Now the gentle reader should be advised that I am something of a dimwit when it comes to details. Todd had sent me some promotional material, two weeks prior, explaining the nature of the two-day event, its objectives, the caliber of the speakers, and the focus of the participants. I figured I’d look at it while I was at the event, pretending to take notes. I was under the impression that this was a Mac Pac sanctioned discussion group on mechanical upkeep, and that I already knew most of the guys who’d be in attendance. (The Mac Pac is the premier chartered BMW riding club in southeast Pennsylvania.)
Nothing could have been farther from the truth.
I wandered into the conference center at the Pottstown Motel 6, which shares a building housing a truck-loading facility, and found a full room. In fact, it would be standing-room only ten minutes later. I counted 60 participants, and didn’t recognize more than one or two faces. ‘What the fuck,” I whispered, pulling a notebook out of my pocket.
(Above) This sculpted flower pot sits on a table on our back patio. Leslie used it as an intial snow gauge. Photo by Leslie Marsh
This was the opening reception of the annual BMW Airheads Super Tech Conference, a technical/and social event catering to the riders of magnificent antique and vintage motorcycles of this marque, powered by the air-cooled version of the classic boxer engine. A year in the planning, this event attracted riders from states as far as California, and from at least one other country (Canada). Looking around the room, these guys reminded me of an elite sharpshooter’s unit in the US Marine Corps. A guy to my left stuck out his head, told me his name, and asked what “Airhead” I rode.
I went on the defensive immediately, realizing that I was trapped in a room full of fanatics.
“I ride a 1995 BMW K75, a bike with a proper cooling system,” sneered I.
The guy’s smile faded to “minimal,” but his eyes narrowed, clearly regarding me as a bus station pervert.
“I’ll buy you a glass of coolant at the next BMW rally,” he replied, looking sideways at his companions.
They thought this was hysterically funny. In fact, they began whispering and pointing at me like I was fat or something.
Of the gentlemen sitting at my table, one was from Minnesota, two were from Ohio, one was from Toronto, and another was from Warren, NJ. All of them drove in. When I asked if they had been concerned by the snow, they looked at me like I was wearing a tutu.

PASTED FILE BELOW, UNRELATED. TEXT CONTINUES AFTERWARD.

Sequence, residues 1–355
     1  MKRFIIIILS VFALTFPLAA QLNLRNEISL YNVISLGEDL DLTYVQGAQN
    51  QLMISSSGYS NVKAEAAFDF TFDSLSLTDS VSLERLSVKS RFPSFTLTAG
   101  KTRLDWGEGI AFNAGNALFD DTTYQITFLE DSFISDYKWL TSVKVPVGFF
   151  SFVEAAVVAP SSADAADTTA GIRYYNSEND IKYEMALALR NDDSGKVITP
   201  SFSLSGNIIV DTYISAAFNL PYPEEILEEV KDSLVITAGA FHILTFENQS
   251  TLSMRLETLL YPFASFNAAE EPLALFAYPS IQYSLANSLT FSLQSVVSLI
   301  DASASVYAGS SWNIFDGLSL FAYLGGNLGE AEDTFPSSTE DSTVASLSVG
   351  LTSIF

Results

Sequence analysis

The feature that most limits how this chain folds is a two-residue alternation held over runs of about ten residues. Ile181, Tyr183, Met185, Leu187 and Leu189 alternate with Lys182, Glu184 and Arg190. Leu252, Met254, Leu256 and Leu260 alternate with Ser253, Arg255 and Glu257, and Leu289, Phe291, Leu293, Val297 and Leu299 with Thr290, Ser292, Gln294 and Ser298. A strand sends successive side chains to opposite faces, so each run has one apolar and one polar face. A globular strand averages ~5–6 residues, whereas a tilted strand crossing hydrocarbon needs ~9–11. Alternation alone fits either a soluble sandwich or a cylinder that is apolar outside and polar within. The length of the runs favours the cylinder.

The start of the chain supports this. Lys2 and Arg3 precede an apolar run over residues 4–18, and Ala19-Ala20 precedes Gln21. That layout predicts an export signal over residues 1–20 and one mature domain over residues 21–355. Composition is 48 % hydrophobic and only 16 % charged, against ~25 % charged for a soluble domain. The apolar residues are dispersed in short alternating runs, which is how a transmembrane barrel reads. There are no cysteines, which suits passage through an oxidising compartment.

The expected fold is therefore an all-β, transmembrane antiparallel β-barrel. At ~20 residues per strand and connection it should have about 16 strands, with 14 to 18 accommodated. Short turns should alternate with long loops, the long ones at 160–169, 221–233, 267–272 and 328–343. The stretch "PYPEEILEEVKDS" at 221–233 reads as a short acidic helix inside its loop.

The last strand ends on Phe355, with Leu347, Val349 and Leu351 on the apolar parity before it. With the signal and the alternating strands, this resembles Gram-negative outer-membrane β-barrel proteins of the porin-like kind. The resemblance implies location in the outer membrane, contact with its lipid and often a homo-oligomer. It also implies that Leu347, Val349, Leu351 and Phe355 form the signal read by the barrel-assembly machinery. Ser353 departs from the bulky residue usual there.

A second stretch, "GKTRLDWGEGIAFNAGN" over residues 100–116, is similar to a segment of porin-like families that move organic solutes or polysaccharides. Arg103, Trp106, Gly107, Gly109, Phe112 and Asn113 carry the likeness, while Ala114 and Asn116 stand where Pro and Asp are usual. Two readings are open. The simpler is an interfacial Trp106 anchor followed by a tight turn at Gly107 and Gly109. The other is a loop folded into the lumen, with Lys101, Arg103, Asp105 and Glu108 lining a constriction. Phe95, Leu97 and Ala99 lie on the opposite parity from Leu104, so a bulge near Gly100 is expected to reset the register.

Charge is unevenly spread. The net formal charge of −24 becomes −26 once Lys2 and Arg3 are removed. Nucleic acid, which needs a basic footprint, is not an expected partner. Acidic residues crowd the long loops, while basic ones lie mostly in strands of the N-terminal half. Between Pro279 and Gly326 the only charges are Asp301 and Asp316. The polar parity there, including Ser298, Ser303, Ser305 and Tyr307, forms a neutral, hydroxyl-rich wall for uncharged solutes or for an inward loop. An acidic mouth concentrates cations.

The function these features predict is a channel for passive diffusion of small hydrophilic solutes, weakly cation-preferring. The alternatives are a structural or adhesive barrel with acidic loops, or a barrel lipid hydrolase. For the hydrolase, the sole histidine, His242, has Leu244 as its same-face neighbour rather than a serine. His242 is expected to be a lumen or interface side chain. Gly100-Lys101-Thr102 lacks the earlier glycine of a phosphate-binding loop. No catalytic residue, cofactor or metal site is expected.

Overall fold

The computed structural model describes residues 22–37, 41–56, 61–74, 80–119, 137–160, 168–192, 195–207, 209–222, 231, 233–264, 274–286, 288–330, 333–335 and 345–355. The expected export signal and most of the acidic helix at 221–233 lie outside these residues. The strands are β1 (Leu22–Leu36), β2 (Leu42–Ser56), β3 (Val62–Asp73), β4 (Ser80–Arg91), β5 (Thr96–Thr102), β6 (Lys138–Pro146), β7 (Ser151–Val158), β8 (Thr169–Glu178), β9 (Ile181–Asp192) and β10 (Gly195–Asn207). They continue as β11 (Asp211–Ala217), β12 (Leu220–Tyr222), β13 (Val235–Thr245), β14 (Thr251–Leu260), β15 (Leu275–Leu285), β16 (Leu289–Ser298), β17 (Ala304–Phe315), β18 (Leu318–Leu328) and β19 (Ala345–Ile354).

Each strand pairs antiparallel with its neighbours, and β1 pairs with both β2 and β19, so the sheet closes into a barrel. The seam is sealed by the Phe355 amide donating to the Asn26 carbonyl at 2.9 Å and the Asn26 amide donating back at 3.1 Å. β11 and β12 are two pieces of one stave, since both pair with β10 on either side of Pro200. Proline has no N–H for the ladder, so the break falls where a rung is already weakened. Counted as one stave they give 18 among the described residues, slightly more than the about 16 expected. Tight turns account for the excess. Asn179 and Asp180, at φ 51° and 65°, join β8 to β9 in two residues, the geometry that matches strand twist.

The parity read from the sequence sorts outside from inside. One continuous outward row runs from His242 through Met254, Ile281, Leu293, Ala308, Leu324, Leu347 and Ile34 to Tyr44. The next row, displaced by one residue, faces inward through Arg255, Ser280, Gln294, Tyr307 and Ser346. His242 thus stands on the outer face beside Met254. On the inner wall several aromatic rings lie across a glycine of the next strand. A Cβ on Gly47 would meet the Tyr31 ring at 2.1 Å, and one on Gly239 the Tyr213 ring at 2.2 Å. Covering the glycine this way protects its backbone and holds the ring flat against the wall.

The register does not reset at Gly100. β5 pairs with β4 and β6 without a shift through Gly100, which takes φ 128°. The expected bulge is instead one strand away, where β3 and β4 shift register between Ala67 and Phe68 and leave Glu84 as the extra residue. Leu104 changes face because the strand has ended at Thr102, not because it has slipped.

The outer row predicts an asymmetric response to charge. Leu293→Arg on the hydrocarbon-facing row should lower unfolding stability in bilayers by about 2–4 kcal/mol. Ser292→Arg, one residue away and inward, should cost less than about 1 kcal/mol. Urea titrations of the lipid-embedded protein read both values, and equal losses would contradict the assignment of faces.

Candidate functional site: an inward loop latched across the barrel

(Above) This is the same picture of the sculpted flower pot, except Leslie has now included the entire table top. This is not drifted snow. The snowfall on the table is indicative of what is on the ground in every direction. Photo by Leslie Marsh
Todd Byrum called the room to order and introduced some of the attending biker royalty and keynote speakers. These included Chris Carr (the world’s fastest man on two wheels, 368 mph on the salt at Bonneville), Tony Foale (the world’s leading expert on motorcycle suspensions), and Tom Cutter (one of the foremost BMW restoration experts in the country).
(Above) This was the height of the snow at the driveway door. This was undrifted height across the driveway. Photo by Leslie Marsh
Chris Carr was the headline speaker for the opening reception, and he began by detailing his racing career, which commenced at the age of 6. A two-time AMA (seven year) Grand National Champion, Carr has attained rock star status in both dirt track and super bike categories. He has set the speed record as the world’s fastest man on two wheels twice.
(Above) This was the scene that greeted me when I raised the garage door. Note the scale of the snowfall to the height of the motorcycle. Leslie titled this picture, "No Motorcycling Today." The motorcycle is a 1995 BMW K75. Kindly note it is fucking spotless. I run a tight ship. By clicking on the picture, you can see how new the back tire is too. Photo by Leslie Marsh.
Carr has the rare every-man speaking quality of the late actor Jimmy Stewart. He downplays his accomplishments, making each member of the audience feel that they too could have done what he did, if they had had an $8 million motorcycle in their garage. He ran through his last record-breaking run, briefly touching on an on-board fire created by a parted oil line, a momentary crisis caused by the failure of a brake chute, and the stress endured by a set of tires costing six-figures, all of which seemed to develop at speeds over 300 miles per hour.
(Above) Certain friends of mine always stick pictures of their dogs in their biker blogs. If they can do it, I can do it too. Atticus Finch (rear) chases after Scout (front) in a mad dash back to the house. Scout believes this is too much of a good thing. Scout is a rescue mutt the size of a standard Labrador retreiver. She weighs in at 100 pounds. Atticus is 148, without an ounce of fat on him.
Carr is the consummate professional on and off the track. He spoke for 90-minutes, took questions, and then met with participants one-on-one. Realizing that I would not be called upon to narrate my high-speeds runs for the crowd, I made my exit and stepped out into a raging snowstorm.